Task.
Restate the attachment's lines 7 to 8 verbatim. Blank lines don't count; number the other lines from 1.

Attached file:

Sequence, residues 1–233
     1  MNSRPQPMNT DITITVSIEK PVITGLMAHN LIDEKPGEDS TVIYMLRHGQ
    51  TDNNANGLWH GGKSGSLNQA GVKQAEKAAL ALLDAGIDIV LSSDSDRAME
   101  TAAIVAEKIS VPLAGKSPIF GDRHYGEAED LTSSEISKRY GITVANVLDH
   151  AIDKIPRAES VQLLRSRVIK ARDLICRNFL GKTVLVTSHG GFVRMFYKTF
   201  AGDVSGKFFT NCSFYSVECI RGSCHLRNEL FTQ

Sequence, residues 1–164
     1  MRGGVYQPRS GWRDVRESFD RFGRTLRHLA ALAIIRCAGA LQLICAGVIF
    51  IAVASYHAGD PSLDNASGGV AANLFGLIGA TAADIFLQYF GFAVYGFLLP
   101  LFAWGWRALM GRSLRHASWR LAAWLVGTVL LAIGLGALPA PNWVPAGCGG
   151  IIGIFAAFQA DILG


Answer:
Sequence, residues 1–164
     1  MRGGVYQPRS GWRDVRESFD RFGRTLRHLA ALAIIRCAGA LQLICAGVIF